In November 2008, an article called Two Cases of Z Syndrome with Crystalens After Uneventful Cataract Surgery was published. (FAC ¶ 14; Exh. B.) It reported that "[Z syndrome] is a unique complication with this type of hinged accommodating [intraocular lens], " and it suggested steps that could be used to minimize the risk of Z syndrome at the time of implantation. (Id.) According to Plaintiffs, the article indicates that at least four incidents of Z syndrome had occurred by the time the article was published. (Id. ¶ 24.)

In April 2009, B&L submitted an adverse-event report to the FDA reporting an occurrence of Z syndrome. (FAC ¶ 19; Exh. D.)

In April 2010, an article called Z Syndrome Still Possible with Newer Generation Crystalens was published. (FAC ¶ 23; Exh. C.) The article stated that Z syndrome had been "reported in newer generations of the lens, including the HD and 5-0, " and that one of the doctors quoted in the article, a Dr. Safran, was "working with [B&L] to create an instrument to help aid the surgical correction of Z syndrome." (FAC ¶¶ 18, 23; Exh. C.)

In August 2010, B&L created an advertising circular to promote Crystalens. (FAC ¶ 12; Exh. A.) The circular was placed in opthalmologists' offices throughout California for potential Crystalens buyers to read. (FAC ¶ 21.) It contains two statements that Plaintiffs contend were false or misleading.

First, the circular states: "The risks of implantation with Crystalens are generally the same potential risks that exist for implanting all intraocular lenses." (Id. ¶ 14.) Plaintiffs claim that this statement was false and misleading because, as the 2008 article indicates, Z syndrome is a risk unique to Crystalens. (Id.) According to Plaintiffs, B&L knew that the statement was false because, by the time it created the circular, it had submitted the 2009 adverse-event report to the FDA and, as of 2010, it was working with Dr. Safran to create a surgical tool to correct Z syndrome. (Id. ¶¶ 18-19.) Plaintiffs contend that this statement thus constituted misbranding, [5] in violation of 21 U.S.C. § 352(q), [6] 21 C.F.R. § 801.6, [7] and the FAL and UCL. (FAC ¶ 15.)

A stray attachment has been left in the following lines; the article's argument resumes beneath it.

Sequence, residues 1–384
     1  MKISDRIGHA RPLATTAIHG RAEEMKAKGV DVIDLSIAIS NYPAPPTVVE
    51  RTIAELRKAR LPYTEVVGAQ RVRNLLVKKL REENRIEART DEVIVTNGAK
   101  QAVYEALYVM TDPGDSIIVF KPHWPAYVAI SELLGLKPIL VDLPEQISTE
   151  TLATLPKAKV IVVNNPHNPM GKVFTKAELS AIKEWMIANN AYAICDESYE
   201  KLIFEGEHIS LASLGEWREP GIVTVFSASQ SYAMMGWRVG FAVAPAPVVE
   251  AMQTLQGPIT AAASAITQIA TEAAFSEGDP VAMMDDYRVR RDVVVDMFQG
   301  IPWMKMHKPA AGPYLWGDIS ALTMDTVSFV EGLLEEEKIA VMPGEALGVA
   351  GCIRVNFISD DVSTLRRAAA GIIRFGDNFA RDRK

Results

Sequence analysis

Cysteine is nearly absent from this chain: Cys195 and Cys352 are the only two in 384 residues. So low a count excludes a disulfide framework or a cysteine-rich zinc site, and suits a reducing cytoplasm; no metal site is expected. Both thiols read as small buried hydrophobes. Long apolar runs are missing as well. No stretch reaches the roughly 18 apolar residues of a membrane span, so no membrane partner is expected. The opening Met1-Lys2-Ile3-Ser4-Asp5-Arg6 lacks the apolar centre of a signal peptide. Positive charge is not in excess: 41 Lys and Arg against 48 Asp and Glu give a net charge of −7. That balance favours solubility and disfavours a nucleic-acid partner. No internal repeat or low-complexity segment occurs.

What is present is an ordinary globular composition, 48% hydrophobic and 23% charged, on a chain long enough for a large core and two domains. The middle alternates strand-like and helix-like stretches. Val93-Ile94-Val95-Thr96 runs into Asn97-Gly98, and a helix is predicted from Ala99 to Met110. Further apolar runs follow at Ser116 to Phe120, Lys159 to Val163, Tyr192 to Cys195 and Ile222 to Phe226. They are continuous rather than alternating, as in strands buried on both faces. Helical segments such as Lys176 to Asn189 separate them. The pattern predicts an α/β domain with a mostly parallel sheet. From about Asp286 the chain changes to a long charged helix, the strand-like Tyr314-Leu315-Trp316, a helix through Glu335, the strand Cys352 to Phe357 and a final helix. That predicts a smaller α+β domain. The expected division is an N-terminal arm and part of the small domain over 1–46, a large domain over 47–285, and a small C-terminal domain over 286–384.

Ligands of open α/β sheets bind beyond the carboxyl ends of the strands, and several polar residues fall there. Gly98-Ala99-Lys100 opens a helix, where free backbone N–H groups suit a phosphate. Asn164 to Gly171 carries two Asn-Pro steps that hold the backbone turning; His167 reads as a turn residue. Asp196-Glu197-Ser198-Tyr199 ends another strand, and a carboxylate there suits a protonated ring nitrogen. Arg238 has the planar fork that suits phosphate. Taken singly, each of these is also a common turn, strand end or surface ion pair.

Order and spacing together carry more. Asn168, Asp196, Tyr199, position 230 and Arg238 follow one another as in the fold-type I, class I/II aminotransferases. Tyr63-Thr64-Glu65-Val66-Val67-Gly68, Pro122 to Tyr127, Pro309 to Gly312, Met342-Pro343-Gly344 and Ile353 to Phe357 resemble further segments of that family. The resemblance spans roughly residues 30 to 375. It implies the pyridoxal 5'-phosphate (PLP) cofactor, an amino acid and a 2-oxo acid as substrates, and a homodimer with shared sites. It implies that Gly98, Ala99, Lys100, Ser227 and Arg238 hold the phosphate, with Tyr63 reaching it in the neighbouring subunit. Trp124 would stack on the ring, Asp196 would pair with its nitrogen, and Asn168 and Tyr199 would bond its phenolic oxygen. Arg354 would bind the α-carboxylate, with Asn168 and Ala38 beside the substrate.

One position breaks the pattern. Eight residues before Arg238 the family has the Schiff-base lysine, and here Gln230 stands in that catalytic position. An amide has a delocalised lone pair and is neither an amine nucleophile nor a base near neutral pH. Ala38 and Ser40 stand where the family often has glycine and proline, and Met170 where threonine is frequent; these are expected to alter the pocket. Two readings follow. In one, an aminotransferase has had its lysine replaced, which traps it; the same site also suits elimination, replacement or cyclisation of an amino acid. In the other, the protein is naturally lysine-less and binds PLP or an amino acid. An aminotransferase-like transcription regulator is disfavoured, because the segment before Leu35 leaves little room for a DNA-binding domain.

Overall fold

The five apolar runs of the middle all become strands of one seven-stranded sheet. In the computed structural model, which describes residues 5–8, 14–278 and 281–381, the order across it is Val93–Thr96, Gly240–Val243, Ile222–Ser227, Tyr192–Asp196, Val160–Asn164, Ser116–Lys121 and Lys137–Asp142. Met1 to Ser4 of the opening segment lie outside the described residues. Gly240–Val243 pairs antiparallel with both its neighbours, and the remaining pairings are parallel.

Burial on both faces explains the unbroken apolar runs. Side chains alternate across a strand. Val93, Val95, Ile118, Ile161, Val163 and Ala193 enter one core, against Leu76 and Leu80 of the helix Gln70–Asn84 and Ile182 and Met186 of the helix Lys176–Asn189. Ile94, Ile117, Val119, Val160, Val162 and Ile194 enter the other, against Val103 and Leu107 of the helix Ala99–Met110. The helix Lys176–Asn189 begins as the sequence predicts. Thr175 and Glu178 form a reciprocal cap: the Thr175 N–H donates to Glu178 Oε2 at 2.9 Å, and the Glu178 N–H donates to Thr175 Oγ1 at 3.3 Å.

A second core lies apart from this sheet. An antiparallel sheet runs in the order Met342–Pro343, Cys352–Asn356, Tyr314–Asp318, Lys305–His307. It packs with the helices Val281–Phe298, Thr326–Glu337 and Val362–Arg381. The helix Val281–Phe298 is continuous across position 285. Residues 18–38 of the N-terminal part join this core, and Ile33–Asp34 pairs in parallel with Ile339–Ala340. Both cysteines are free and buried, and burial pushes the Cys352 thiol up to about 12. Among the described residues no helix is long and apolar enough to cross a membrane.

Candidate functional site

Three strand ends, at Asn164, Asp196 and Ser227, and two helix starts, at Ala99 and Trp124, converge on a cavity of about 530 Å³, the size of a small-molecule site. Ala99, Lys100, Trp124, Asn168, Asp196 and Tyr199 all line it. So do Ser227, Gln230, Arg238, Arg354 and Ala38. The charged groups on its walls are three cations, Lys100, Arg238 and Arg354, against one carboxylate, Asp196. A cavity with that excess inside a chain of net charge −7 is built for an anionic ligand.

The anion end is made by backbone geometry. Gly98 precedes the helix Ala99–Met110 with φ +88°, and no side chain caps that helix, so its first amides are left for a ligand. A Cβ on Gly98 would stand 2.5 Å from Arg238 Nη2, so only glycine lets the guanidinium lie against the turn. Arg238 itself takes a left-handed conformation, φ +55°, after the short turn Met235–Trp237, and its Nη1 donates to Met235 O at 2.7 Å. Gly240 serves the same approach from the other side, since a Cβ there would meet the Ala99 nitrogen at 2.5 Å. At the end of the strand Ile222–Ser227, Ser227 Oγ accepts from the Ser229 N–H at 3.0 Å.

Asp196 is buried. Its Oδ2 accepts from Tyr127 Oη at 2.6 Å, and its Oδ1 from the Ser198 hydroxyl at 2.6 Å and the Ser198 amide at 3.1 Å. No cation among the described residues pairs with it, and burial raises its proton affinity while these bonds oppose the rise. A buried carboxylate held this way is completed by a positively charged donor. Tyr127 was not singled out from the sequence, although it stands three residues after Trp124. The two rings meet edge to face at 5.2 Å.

Second, the circular states: "Only your surgeon... can explain the applicable risks." (Id. ¶ 28; Exh. A.) Plaintiffs claim that this statement was false and misleading because B&L had failed to comply with its duty to file adverse-reaction reports for all known incidents of Z syndrome. (FAC ¶¶ 23-28.) Although the 2008 article indicated that there had already been at least four incidents of Z syndrome, and the 2010 article stated that Z syndrome had also occurred in newer models of the lens, and Michajlun herself experienced Z syndrome, Plaintiffs' search of B&L's adverse-reaction reports for Crystalens uncovered only two reports, one dated April 28, 2009 (before the 2010 article), and one dated December 13, 2010 (after the 2010 article).[8] (Id. ¶¶ 23-25.) Plaintiffs contend that B&L's failure to comply with its reporting duty diminished physicians' ability to assess and warn of the risk of Z syndrome, so that this second statement also constituted misbranding in violation of 21 C.F.R. § 801.6. (Id. ¶ 28.)

II. B&L's Motion to Dismiss and Request for Judicial Notice

B&L moved to dismiss Plaintiffs' amended complaint on October 22, 2014, (Doc. No. 15), and filed a separate request for judicial notice, (Doc. No. 16). The hearing, which was initially scheduled for December 15, 2014, was continued for good cause until February 9, 2015. (Doc. No. 20.) Plaintiffs filed an opposition on January 26, 2015, (Doc. No. 22), and B&L replied on February 2, 2015, (Doc. No. 23). Neither party requested oral argument, and the court took the matter under submission on February 3, 2015. (Doc. No. 24.)


I. Request for Judicial Notice

B&L asks the court to take judicial notice of two items: (1) the FDA webpage containing links to the original PMA for Crystalens and all applicable supplements; and (2) the FDA-approved patient labeling for Crystalens, which can be downloaded from the FDA's website. (Doc. No. 16 & Exhs. A & B.)